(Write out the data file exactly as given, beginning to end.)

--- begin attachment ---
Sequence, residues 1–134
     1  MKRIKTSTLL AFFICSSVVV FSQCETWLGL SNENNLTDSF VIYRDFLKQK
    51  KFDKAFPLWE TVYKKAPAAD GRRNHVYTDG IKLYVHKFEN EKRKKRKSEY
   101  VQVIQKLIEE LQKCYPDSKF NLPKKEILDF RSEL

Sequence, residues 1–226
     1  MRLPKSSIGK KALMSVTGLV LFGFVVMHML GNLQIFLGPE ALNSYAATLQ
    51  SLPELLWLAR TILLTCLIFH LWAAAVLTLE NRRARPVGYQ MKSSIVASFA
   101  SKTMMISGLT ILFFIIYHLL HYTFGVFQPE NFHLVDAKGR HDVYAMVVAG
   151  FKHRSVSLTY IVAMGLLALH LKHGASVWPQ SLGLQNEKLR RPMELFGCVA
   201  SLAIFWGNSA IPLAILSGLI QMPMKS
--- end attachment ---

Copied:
Sequence, residues 1–134
     1  MKRIKTSTLL AFFICSSVVV FSQCETWLGL SNENNLTDSF VIYRDFLKQK
    51  KFDKAFPLWE TVYKKAPAAD GRRNHVYTDG IKLYVHKFEN EKRKKRKSEY
   101  VQVIQKLIEE LQKCYPDSKF NLPKKEILDF RSEL

Sequence, residues 1–226
     1  MRLPKSSIGK KALMSVTGLV LFGFVVMHML GNLQIFLGPE ALNSYAATLQ
    51  SLPELLWLAR TILLTCLIFH LWAAAVLTLE NRRARPVGYQ MKSSIVASFA
   101  SKTMMISGLT ILFFIIYHLL HYTFGVFQPE NFHLVDAKGR HDVYAMVVAG
   151  FKHRSVSLTY IVAMGLLALH LKHGASVWPQ SLGLQNEKLR RPMELFGCVA
   201  SLAIFWGNSA IPLAILSGLI QMPMKS